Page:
What would Sir Walter Scott think?
Here's a fun game you can play at home - or in the pub. Perhaps as you while away the hours and days awaiting further Brexit developments.
The game is this. Ask yourself how famous figures from Scotland's past would have voted in the referendum of 2014 on independence. Or the 2016 plebiscite on membership of the European Union.
It's all nonsense, of course. One cannot translate long-distant perspectives into contemporary politics. But innocent merriment just the same.
How about Robert Burns? Or Sir Walter Scott, an outstanding literary genius who merits closer attention these days.
Sir Walter wrote: "Breathes there the man with soul so dead who never to himself hath said, this is my own, my native land."
- Scottish and Welsh parliaments hold joint Brexit debate
- Watch MSPs and AMs debate Brexit on Parliaments Live
Powerful stuff, eh? Widely quoted. But which land did he mean? Scotland? The UK? Scott was a confirmed Tory who played a key role in defending Scotland's ancient, distinct characteristics. You choose. Told you it was fun.
Now, I am always happy to linger in Scott-land. Never more content than when wandering round Abbotsford. But there is a vague purpose to this reflective meandering.
These thoughts were occasioned by a contribution from Donald Cameron of the Conservatives to the debate at Holyrood this afternoon anent Brexit and the potential terms of withdrawal.
Mr Cameron - the son of Lochiel, chief of the Clan - argued repeatedly that to thwart Brexit would be to negate and frustrate the expressed opinion of "the country". It would be, he averred, to betray "the country" - while noting that he, himself, voted Remain.
His perspective on the European Union plebiscite is entirely consistent with his support for the rather older Union between Scotland and England. His remarks were delivered casually, without particular emphasis, part of a thoughtful speech.
But you could sense the SNP benches stirring, restlessly. Their country is Scotland. Their loyalty is to Scotland.
Which reminds us, once again, of the fundamental fault line which zigzags across the Scottish political landscape.
Nicola Sturgeon opened the debate by arguing that her government, despite loathing Brexit, had tried repeatedly to reach a compromise; for the UK, for Scotland. She said her initiatives had been utterly ignored by the UK government.
It was a powerful contribution from the FM. She noted that the Scottish debate was matched by a similar event in Cardiff Bay, with an identical motion.
Scotland and Wales - or, more precisely, their devolved governments - had been brought together, she argued, by "dismay, bordering on despair" at the Brexit negotiations.
Ms Sturgeon made relatively little of the issue of independence, on this occasion. She focused on the three aspects of the motion - opposition to the PM's deal, opposition to leaving with no deal now and in the future, plus a demand for a delayed Brexit.
It was left to Jackson Carlaw to accuse the FM of stirring up trouble over Brexit in order to foment support for the independence cause. And Mr Carlaw went further.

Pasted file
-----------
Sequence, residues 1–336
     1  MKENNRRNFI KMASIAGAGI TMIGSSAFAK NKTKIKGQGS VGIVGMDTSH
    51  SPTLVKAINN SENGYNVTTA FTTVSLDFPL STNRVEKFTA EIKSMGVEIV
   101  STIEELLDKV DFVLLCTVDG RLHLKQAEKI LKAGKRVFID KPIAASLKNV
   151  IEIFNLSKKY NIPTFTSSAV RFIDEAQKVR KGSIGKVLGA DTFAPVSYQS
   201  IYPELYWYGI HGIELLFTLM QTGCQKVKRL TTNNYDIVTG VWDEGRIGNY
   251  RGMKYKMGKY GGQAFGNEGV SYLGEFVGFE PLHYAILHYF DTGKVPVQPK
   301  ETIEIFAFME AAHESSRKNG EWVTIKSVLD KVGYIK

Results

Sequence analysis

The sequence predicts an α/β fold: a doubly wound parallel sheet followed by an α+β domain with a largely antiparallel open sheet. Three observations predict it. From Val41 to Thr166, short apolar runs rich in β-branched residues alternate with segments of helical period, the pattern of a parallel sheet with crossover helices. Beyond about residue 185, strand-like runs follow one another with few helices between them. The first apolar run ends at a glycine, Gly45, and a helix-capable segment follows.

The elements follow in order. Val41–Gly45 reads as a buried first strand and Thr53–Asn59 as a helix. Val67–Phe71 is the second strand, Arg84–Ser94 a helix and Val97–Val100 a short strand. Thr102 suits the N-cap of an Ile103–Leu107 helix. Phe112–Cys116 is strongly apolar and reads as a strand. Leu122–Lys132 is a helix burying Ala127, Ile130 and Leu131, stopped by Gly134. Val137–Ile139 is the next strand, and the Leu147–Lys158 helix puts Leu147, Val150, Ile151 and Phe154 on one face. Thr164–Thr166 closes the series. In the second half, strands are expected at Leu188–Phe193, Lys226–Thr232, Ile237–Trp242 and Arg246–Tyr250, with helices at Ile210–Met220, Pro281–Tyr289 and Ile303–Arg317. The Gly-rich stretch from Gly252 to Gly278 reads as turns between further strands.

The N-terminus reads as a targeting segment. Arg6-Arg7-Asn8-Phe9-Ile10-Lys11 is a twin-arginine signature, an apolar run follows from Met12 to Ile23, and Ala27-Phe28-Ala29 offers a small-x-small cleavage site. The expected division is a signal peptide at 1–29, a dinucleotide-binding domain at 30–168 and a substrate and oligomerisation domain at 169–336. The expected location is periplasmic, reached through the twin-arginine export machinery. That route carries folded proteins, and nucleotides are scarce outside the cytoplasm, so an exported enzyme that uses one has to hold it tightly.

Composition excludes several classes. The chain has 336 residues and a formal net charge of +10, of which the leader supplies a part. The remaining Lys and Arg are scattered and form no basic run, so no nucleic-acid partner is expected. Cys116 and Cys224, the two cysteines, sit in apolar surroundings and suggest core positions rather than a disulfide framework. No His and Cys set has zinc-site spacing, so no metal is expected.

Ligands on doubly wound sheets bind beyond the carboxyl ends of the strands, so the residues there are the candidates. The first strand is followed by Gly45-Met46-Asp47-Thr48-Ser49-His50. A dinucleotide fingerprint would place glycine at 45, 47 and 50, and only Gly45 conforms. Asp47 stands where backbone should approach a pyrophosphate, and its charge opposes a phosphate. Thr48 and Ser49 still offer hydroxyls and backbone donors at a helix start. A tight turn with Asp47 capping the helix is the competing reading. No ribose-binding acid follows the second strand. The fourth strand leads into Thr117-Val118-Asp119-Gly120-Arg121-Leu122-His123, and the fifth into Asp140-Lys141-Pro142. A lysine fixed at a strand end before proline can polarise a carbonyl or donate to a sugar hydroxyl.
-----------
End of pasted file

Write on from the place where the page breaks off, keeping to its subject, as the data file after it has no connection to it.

Even as the FM excoriated the UK government for lack of competence, Mr Carlaw tried to return the favour by arguing that Ms Sturgeon's stance on Brexit no longer met the interests of the Scottish people.
Which were? To respect the Brexit outcome, given that Scotland remains part of the UK, and to seek an orderly departure from the EU.
And there was more. Scotland, he said, now needed fresh governance. An administration free from the grievance which he attributed to the current team. And "clean leadership". An intriguing phrase, which he emphasised.
What did he have in mind? The return of a devolved Conservative government in the Holyrood elections of 2021.
Nationalists looked on with a mixture of amusement and anger. There was more of the latter when the deputy SNP leader, Keith Brown, arose to make his contribution. He said the Tories had lost all respect with their mishandling of Brexit - and he echoed the FM in suggesting that the Conservatives were now fundamentally and fatally divided.
Just as Ms Sturgeon made little, on this occasion, of independence, so she dealt relatively briefly - I emphasise, relatively - with the issue of a second referendum.
Ms Sturgeon stressed that remained her aim, the primary purpose at present in the Brexit debate. But it does not form part of the joint motion with Wales.
Why? The Welsh first minister's office told me the aim of the conjoined approach was to focus on the immediate challenges - particularly ruling out no deal - although it was emphasised that the FM in Cardiff, Mark Drakeford, has supported the principle of a second plebiscite.
A further exemplification of this subtlety came when Richard Leonard spoke at Holyrood as the leader of Scottish Labour. His was a well-structured contribution, drawing upon his experience as a trade union negotiator to lampoon the handling of the Brexit talks.
Mr Leonard said he backed a second vote. Challenged by Willie Rennie of the Liberal Democrats to clarify further, the Labour leader said, yes, he backed what his Lib Dem counterpart called a "People's Vote" - but it was still Labour's objective to secure a revised Brexit deal or a UK general election instead.
As ever, Brexit brings nuance in its wake.
Perhaps we should heed Mark Twain who noted: "Patriotism is supporting your country all the time, and your government when it deserves it."